The Five Stories We Will Remember From the 2013-14 SeasonPosted by Bennet Hayes on April 10th, 2014
It just so happened that two of the biggest stories from the first night of this college basketball season happened to be the two most prominent narratives on the season’s final evening. Back on November 8, Shabazz Napier’s 18-point, seven-rebound, seven-assist effort propelled UConn to a one-point victory over Maryland, while some 700 miles away, the most decorated and anticipated freshman class in college hoops history debuted at Rupp Arena, blasting UNC-Asheville, 89-57. Almost exactly five months to that night, Napier was again dazzling and the microscope remained firmly fixed on those gifted Kentucky freshmen, except this time they shared the same court at AT&T Stadium – the season’s final stage. Both national title combatants will survive as integral pieces in the memory of this 2013-14 season, but in between opening night and Championship Monday, countless other teams, players, and storylines seized our attention. Below are the five stories (beyond the Wildcats and Huskies) that I will remember most from a college basketball season that was never, ever boring.
5. Pac-12 Revival. We missed you, Pac-12. It’d been a minute since the league summoned up a national title contender, much less a deep and balanced assemblage of teams to chase that front-runner, but the Pac-12 was able to do just that in 2013-14. Even with Brandon Ashley’s mid-January season-ending ACL tear muddying Arizona’s March forecast, the Wildcats put together a regular season worthy of a #1 seed, and entered the NCAA Tournament on the short list of favorites before falling a point short of the Final Four in an Elite Eight loss to Wisconsin. Five other teams from the conference made the field of 68, with both Stanford and a revived UCLA squad (that Steve Alford hiring doesn’t look so bad now) making the Sweet Sixteen. College hoops is officially back on the West Coast.
4. Marcus Smart. He began the season as a presumptive top-five pick and popular leader of a top-10 team, but found his national image devolve into that of a controversial hothead with a soft spot for flopping. On his way out, Smart claimed he still believes he made the right decision in returning to Stillwater for his sophomore season, but Oklahoma State’s disastrous campaign (despite a late-season surge to make the NCAA Tournament and save a tiny bit of face) and his plummeting draft stock should raise suspicions that, perhaps for old time’s sake, Smart staged this final act as a Poke in some place far from reality. It would only make sense, because in 2014, Marcus Smart was nothing if not drama.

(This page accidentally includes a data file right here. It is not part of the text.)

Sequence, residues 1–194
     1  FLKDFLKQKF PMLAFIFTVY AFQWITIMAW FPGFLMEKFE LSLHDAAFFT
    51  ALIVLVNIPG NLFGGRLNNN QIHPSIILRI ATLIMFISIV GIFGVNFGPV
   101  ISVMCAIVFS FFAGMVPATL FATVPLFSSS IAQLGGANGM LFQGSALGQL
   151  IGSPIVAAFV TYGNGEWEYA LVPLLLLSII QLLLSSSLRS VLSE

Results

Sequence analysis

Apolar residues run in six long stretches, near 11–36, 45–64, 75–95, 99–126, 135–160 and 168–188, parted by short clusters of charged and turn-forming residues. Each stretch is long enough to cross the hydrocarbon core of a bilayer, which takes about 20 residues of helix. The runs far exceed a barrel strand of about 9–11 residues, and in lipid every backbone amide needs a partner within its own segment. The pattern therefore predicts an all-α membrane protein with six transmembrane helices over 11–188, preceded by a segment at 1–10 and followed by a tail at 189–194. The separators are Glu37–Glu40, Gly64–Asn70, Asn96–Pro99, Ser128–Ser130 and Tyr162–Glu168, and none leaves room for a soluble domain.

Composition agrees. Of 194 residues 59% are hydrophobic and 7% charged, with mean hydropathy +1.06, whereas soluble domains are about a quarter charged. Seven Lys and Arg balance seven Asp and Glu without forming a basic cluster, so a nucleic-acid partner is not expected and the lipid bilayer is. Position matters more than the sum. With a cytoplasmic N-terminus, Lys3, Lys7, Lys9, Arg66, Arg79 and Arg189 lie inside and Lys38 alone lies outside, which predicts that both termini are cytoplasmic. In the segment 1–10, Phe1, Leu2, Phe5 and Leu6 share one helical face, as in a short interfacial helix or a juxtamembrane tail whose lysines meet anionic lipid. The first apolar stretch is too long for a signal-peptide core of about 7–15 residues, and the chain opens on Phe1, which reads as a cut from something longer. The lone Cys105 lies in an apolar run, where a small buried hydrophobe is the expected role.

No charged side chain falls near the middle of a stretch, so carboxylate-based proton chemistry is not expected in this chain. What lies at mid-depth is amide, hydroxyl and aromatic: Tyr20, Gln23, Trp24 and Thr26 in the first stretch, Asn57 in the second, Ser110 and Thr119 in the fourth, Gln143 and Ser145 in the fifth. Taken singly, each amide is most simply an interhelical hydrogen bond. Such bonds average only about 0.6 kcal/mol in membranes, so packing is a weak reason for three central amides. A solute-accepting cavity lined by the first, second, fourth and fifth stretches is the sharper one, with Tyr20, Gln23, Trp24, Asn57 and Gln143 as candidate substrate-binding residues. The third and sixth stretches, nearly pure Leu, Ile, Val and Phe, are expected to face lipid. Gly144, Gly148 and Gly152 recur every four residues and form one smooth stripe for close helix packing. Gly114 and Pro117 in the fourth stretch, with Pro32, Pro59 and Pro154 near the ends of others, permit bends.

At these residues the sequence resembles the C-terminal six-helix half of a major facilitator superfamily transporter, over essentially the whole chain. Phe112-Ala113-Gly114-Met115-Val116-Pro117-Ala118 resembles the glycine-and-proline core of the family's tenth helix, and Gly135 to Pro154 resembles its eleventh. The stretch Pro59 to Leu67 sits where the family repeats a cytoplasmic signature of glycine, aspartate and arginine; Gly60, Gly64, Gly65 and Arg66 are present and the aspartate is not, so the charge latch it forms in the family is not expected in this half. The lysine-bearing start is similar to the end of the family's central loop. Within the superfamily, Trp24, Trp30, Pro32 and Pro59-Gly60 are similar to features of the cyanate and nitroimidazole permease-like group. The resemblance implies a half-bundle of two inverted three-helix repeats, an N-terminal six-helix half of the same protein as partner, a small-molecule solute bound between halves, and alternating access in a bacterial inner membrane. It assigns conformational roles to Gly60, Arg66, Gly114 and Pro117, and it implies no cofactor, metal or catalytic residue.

3. The Year Of The Freshman…Kind Of. The Champions Classic appeared to be the opening act for a group of freshmen poised to take over college basketball (albeit for only a season, of course), but the scintillating performances from Wiggins, Parker and Randle on that mid-November night may have raised the bar a touch high for first-year players across the nation. None of those big name freshmen (feel free to add Aaron Gordon’s name to the trio above) wound up as true disappointments – all but Randle led their teams to top-four seeds in the Big Dance, and each found their name on various All-American lists – but their dominance was never as pronounced as it was that cold night in Chicago.
2. McBuckets. Doug McDermott is too humble to tell you this himself, but the under-recruited coach’s son from Central Iowa used 2013-14 to put the finishing touches on what is undeniably one of the greatest careers in college basketball history. March success may have eluded Creighton yet again, but in leading the country in both scoring (26.9 PPG) and “no he didn’t!” moments, McDermott guided the Creighton program to heights never before seen in Omaha. He finishes his career fifth on college basketball’s all-time scoring list, and leaves father/coach Greg with a gaping hole in next year’s Bluejay lineup. Here’s a guess that dad won’t be the only one that misses his son next season; college basketball just lost a remarkable, once-in-a-generation leading man.
1. The Team That History Will Never Forget. Perfection was no more and Wichita State’s season had come to the sudden, final end that the NCAA Tournament doles out to 67 teams each March, but Gregg Marshall still saw the bigger picture. One loss didn’t change anything for a team that set an NCAA record by winning its first 35 games of the season. It rewrote no piece of history, altered nothing about the Shockers’ odds-defying chase of perfection that had thrown the sports world into a frenzy for a few winter months. In fact, the last-second defeat — in what was surely the game of both NCAA Tournament and season, no less — had actually somehow converted more WSU skeptics into believers than any of the 35 wins that preceded it. Marshall’s team had been defeated for the first and last time together, but in a locker room full of raw emotion and distress, Marshall still managed to strip this Shockers season down to the barest of truths: “You guys had one of the most remarkable college basketball seasons, ever,” he told his team. “Ever.”